Tinkering is on the verge of a new renaissance. We’re starting to realize that all the stock features are dangerous to our security by virtue of them being stock. I would be open to a voice controlled TV, but only if I’m doing voice control within the bounds of my network security perimeter. Samsung can’t afford to make such a beast in every TV. They send the traffic outside secure perimeters to a specialist on the cloud. That is nuts, in my opinion. The secure alternative simply will not sell.
But even when the voice recognition costs drop, you are still left with a machine subsystem that inherently spies on you as it’s major feature set. Create enough of those and the black hats will attack that feature and sell the results. Tinkered solutions require tinkered attacks and are resistant the economies of scale that make most attacks affordable. If you’ve got all custom, tinkered solutions, anybody seriously targeting you is a personal enemy, not somebody out to harvest a few hundred thousand credit cards.
Security is durably going to provide an advantage to the tinkerers and that’s going to change the world.
I haven’t soldered anything since I was fourteen.
I’ve just found this sad story from Chicago’s history.
“Trying to explain to youngsters that it was somewhat cost effective to build your own color TV is pointless.”
I have a different take on the matter. Not saying it’s easy to pull it off, but if you can successfully explain that to youngsters, you’ve not only given them something interesting from the recent past, you’ve also helped them along the way to actually understanding economics.
Mike Rowe on credentials vs qualification.
QVC had a serious recruiting problem. Qualified candidates were applying in droves, but failing miserably on the air. Polished salespeople with proven track records were awkward on TV. Professional actors with extensive credits couldn’t be themselves on camera. And seasoned hosts who understood live television had no experience hawking products. So eventually, QVC hit the reset button. They stopped looking for “qualified” people, and started looking for anyone who could talk about a pencil for eight minutes.
QVC had confused qualifications with competency.
Perhaps America has done something similar?
The whole thing is on Facebook and hilarious about how he got started on TV.
>>They stopped looking for “qualified” people, and started looking for anyone who could talk about a pencil for eight minutes.
I was always infatuated with Mary Tyler Moore. Even as a child, I found her combination of sweet and sexy very alluring. I was reading a bit about her one day and came across an anecdote on how she got her spot on the Dick Van Dyke show. They’d apparently been looking and looking and holding auditions with actress after actress and couldn’t find the right girl to play Rob Petrie’s wife.
One of the people on the production team was sitting in on an audition for a commercial and she was there. He got up, walked down the hall to the producers meeting, walked in and said ‘I think I found her!’ She had never even been considered till that moment. Complete happenstance. She wasn’t qualified but she was capable. And then some.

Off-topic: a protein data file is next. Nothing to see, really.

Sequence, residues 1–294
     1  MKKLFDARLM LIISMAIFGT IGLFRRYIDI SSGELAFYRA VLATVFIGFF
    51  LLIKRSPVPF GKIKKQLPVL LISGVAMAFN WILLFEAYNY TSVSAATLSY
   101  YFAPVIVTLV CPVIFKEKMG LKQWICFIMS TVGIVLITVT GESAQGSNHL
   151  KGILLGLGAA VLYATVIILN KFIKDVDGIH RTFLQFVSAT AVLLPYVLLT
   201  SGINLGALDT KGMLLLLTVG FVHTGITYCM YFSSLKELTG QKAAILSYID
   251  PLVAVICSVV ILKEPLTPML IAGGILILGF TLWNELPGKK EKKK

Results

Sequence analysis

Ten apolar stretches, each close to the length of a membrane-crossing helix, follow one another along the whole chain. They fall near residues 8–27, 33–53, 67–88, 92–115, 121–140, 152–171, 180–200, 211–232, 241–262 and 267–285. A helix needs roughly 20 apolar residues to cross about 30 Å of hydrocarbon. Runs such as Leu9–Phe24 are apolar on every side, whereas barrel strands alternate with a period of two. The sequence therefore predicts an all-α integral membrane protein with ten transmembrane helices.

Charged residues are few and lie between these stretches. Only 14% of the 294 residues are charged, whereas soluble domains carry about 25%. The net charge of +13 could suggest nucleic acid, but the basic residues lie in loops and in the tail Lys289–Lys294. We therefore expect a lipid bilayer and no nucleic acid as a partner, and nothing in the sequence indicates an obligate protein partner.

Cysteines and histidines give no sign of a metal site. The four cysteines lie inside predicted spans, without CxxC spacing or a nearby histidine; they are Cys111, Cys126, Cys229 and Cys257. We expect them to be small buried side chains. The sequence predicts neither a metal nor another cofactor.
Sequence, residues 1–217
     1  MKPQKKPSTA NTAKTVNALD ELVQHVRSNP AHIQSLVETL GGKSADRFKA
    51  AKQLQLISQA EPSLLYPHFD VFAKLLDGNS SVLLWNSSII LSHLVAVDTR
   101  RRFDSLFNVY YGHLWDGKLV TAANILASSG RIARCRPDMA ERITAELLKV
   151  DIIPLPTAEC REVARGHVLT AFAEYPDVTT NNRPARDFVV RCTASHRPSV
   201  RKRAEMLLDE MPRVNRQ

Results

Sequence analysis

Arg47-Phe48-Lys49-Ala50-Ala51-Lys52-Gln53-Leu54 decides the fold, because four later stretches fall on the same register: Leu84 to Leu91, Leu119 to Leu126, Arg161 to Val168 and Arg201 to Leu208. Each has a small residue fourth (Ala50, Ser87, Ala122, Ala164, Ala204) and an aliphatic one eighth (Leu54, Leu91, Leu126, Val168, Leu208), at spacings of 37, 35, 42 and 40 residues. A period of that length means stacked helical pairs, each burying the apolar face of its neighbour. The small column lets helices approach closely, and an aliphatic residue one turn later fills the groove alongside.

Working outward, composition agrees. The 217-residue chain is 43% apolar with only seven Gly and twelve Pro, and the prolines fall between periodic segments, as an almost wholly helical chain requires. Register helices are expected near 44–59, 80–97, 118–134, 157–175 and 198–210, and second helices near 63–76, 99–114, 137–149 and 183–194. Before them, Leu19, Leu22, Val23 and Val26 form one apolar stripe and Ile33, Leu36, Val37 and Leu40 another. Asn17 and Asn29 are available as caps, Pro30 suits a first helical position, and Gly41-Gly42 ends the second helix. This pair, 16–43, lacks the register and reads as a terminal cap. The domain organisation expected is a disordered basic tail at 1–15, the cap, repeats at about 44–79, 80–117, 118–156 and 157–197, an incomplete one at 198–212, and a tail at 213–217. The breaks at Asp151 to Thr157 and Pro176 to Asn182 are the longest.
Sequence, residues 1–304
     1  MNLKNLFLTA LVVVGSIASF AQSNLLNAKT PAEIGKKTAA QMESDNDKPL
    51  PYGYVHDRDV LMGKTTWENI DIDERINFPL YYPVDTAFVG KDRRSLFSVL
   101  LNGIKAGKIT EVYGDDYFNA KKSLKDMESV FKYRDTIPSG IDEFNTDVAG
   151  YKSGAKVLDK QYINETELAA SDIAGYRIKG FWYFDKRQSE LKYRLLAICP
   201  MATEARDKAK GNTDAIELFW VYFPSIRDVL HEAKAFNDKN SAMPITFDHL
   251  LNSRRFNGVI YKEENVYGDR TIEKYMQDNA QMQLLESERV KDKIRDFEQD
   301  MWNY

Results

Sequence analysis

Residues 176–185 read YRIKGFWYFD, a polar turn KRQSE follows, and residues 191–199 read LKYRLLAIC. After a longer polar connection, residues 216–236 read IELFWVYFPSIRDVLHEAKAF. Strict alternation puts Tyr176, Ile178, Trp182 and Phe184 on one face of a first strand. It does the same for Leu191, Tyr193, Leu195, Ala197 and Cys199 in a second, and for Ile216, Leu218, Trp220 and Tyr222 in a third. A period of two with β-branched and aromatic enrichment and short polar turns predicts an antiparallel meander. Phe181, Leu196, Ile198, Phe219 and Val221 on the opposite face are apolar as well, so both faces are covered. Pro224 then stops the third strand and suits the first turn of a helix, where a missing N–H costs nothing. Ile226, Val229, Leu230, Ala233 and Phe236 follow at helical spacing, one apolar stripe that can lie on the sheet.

It was years ago that I read this but I think that’s basically accurate.
I used to interview applicants to UCI medical school. I was always interested in applicants show had real life experience. Mostly the other interviewers were interested in things like, “Did you volunteer in a hospital ?” It got so students applying knew what they needed on their resumes.
It was a racket. The worst doctors I have seen are usually child prodigies. No real world experience.
An early example.
He did well in school, graduating from high school by the age of 16. When drafted by the US Army during World War II, he scored exceptionally highly on the Army General Classification Test, with the result that the Army sent him to medical school.
Brown graduated from University of Utah School of Medicine in 1947, and worked as a general practitioner for almost two decades. However, after almost losing a patient during a thyroidectomy, he decided to undertake formal surgical training.
Despite excelling in the written aspects of certification for the American Board of Plastic Surgery, he failed the oral assessment (blaming his ‘domineering’ father).
We had another case in Orange County, that has pretty much dropped off the radar, of a plastic surgeon in Orange County who allowed a woman to die in his office and was convicted of second degree murder. He had graduated from Johns Hopkins medical school at 19. He was an outstanding student. But unfortunately a psychopath.
Real people make the best doctors. Even heart surgeons, which I once was.
“Real people make the best doctors.” I saw a doctor in our local teaching hospital yesterday. He was running more than an hour-and-a-half late; when I joined him in his consulting room he apologised. I said that I didn’t mind the delay, it was the appallingly high temperature in the waiting room that I objected to. He jumped up, reached for his window, and opened it wide. Well done that man. His doctoring was pretty good too.